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Free Study Guide-The Divine Comedy-The Inferno by Dante Alighieri-Notes
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CANTO SUMMARIES WITH NOTES

CANTO XVI

Summary

As the two poets move along the third round of the circle of Violence they begin to hear the sound of a waterfall. The stream forms a waterfall at the outer edge of the circle where it then falls into the seventh circle.

There shades recognizing Dante to a Florentine join the two poets. The sight of their burnt body causes Dante to grieve for them. Virgil asks Dante to wait for them. His words make it clear that these are shades meriting the pilgrim's respect. The two poets stop and the three shades circle around like a wheel near them, all the while looking at Dante. One of them asks Dante who he is and how he can, being still alive, walk safely through Hell. He identifies one of the trios as Guido Guerra, grandson of Gualdrada. He was both a wise statesman and a great warrior. The other he reveals to be Tegghiaio Aldobrandi. And he reveals himself to be Jacopo Rusticucci, driven to Sodomy by his uncooperative wife.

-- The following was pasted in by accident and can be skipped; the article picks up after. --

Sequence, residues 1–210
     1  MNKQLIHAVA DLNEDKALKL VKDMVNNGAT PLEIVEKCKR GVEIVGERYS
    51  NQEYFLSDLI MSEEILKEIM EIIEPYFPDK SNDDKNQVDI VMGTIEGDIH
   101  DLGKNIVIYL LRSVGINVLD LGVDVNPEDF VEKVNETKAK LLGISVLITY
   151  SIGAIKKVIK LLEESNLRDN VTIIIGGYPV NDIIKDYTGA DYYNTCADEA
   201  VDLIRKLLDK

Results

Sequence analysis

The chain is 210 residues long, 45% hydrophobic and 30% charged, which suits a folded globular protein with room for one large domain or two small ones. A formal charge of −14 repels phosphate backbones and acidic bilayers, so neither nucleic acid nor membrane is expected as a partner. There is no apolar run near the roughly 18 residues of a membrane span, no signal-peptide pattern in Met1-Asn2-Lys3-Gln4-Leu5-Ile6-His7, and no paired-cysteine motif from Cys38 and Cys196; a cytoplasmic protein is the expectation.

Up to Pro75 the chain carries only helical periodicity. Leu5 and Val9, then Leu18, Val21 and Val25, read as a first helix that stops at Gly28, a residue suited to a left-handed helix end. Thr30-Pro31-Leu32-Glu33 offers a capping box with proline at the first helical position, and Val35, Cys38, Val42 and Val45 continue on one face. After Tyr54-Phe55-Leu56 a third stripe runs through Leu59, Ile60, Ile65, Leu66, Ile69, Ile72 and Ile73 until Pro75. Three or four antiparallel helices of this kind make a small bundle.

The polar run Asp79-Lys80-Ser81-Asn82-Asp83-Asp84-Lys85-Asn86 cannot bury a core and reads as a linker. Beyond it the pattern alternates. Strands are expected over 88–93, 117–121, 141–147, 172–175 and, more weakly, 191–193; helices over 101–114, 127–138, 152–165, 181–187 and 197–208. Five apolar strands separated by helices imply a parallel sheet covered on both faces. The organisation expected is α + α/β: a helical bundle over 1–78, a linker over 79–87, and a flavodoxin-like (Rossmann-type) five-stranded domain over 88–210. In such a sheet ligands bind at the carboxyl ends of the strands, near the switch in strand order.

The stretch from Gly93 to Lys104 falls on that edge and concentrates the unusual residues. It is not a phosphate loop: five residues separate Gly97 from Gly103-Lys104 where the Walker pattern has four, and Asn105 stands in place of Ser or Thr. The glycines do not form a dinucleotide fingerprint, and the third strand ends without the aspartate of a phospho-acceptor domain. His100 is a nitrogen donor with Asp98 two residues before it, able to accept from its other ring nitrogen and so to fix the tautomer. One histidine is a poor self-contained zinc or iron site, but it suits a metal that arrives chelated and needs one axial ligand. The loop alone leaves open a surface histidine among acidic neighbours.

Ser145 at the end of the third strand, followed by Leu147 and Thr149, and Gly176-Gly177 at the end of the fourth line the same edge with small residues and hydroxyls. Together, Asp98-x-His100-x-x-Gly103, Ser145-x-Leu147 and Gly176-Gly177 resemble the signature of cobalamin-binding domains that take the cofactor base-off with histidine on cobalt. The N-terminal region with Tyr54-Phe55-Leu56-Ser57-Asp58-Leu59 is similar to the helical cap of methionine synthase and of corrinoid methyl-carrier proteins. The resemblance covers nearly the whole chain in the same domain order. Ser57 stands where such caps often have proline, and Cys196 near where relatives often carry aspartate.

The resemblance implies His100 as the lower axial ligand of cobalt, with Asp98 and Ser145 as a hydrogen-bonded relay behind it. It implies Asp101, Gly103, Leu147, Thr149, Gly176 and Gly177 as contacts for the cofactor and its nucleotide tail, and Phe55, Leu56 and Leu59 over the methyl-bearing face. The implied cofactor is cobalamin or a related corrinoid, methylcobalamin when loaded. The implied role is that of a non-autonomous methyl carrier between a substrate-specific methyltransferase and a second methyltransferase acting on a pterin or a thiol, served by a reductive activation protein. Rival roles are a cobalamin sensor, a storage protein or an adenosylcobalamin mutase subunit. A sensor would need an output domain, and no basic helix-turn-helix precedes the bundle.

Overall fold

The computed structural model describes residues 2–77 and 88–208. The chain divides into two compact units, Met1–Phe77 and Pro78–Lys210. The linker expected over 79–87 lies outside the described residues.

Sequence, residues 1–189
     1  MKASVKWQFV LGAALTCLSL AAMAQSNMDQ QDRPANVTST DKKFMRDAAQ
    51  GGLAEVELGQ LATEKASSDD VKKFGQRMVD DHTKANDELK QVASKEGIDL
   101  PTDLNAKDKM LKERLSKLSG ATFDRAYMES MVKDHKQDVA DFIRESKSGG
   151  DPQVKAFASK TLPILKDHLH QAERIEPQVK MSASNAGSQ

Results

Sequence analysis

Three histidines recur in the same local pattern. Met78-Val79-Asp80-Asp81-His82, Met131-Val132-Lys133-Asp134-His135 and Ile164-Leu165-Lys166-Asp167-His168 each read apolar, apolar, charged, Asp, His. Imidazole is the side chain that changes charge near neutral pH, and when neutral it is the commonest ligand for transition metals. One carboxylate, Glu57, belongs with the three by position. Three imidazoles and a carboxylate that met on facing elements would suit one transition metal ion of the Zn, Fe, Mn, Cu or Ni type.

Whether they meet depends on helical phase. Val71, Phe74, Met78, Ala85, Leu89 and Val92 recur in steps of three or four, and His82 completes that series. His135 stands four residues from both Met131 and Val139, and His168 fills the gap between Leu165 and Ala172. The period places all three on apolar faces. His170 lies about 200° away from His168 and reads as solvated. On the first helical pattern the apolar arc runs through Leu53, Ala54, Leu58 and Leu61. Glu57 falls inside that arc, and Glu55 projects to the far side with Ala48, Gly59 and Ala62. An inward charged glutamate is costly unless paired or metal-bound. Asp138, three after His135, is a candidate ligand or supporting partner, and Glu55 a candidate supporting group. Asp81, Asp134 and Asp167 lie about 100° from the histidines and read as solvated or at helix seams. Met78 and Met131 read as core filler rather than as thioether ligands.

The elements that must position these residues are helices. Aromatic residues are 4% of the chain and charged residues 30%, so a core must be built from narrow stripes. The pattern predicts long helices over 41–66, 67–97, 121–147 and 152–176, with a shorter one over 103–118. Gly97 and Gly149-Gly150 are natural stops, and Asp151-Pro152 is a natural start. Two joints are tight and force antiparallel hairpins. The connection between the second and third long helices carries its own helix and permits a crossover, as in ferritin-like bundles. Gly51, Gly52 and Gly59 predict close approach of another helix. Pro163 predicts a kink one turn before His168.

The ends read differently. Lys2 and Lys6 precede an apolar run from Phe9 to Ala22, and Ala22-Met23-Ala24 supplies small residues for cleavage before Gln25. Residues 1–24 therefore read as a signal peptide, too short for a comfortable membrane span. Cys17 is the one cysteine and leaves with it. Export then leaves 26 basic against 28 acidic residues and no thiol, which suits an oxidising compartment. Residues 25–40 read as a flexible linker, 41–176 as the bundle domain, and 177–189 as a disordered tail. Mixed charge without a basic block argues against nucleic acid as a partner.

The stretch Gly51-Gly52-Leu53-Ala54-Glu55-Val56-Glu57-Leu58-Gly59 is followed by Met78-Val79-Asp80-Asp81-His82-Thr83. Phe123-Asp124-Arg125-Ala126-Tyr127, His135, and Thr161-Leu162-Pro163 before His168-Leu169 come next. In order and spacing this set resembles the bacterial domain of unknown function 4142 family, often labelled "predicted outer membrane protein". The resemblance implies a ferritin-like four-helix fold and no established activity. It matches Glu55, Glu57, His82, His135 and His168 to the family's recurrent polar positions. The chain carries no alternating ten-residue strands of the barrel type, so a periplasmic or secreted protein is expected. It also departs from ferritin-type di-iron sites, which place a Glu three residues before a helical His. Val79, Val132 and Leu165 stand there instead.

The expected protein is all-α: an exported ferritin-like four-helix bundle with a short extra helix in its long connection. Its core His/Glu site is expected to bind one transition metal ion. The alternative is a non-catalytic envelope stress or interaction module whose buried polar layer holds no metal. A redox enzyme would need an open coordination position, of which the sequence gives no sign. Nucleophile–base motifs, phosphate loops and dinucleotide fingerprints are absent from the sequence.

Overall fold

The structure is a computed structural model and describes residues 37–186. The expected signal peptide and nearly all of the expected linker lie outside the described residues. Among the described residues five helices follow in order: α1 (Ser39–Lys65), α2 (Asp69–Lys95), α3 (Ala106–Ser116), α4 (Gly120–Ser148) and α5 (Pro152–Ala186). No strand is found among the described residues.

Dante would have embraced these great Florentines but the fear of being burnt stops him. Dante express his respect for them and grief at their state. And explains that he is bound on a journey through Hell before he reaches Heaven (as promised by Virgil). Rusticucci asks him about the present condition of Florence. He says that they have heard disquieting news about Florence from Guglielmo Borsiere who has recently joined them in Hell. Dante tells them that Florence's decline is due to a new breed of people. Before leaving they tell Dante to refresh the memories of those on Earth about them. Dante promises to do so and the three souls run away quickly.


As they move on the sound of the waterfall becomes deafening. Dante compares it to Acquacheta river that rises from Monte Veso on the Apennine Mountains. And how later on its course it falls down as a loud waterfall near San Benedetto. In the same way the stream in this round plunges down the rocky precipice. Virgil takes the cord fastened around Dante's waist and flings it down the precipice. Virgil reading the pilgrim's mind affirms that this was a signal and soon it will be answered. And an incredible sight appears before them: a monstrous figure comes swimming towards them from the depths below where the cord was flung.

Notes

In this Canto Dante encounters a trio of noble warriors all punished here for sodomy. As Virgil points out all the three men richly deserve Dante's respect. Guido Guerra (1220 -70) led the Guelfs in many battles and his nickname "Guerra" means "War". He was wise and told Florentine Guelfs not to attack Siena in 1260. They didn't heed his wise counsel and this battle destroyed the power of Gruelfs in Florence. He was the grandson of "good Grualdrada". She was the daughter of Bellincione Berti of Florence and was married to Guido Guerra IV.